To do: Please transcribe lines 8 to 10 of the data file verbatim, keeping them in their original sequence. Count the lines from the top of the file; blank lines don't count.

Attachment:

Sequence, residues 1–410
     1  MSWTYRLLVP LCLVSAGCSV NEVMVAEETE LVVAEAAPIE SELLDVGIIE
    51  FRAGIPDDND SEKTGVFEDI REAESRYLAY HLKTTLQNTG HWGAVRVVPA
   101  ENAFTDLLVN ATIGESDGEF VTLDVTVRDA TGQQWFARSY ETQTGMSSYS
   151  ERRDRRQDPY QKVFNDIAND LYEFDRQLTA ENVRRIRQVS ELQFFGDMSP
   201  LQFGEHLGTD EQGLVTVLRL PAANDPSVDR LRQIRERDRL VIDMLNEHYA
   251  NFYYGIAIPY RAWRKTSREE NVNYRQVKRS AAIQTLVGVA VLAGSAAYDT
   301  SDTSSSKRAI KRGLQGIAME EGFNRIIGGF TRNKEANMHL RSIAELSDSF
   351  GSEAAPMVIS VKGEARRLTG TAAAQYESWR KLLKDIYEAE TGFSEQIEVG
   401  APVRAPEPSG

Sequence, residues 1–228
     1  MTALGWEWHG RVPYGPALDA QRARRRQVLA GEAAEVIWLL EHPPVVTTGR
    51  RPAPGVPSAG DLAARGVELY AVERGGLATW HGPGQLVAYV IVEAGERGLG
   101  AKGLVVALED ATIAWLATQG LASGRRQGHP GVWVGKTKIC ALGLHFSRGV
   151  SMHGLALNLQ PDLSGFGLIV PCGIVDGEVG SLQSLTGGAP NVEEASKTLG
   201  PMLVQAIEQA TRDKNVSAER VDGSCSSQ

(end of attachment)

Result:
   301  SDTSSSKRAI KRGLQGIAME EGFNRIIGGF TRNKEANMHL RSIAELSDSF
   351  GSEAAPMVIS VKGEARRLTG TAAAQYESWR KLLKDIYEAE TGFSEQIEVG
   401  APVRAPEPSG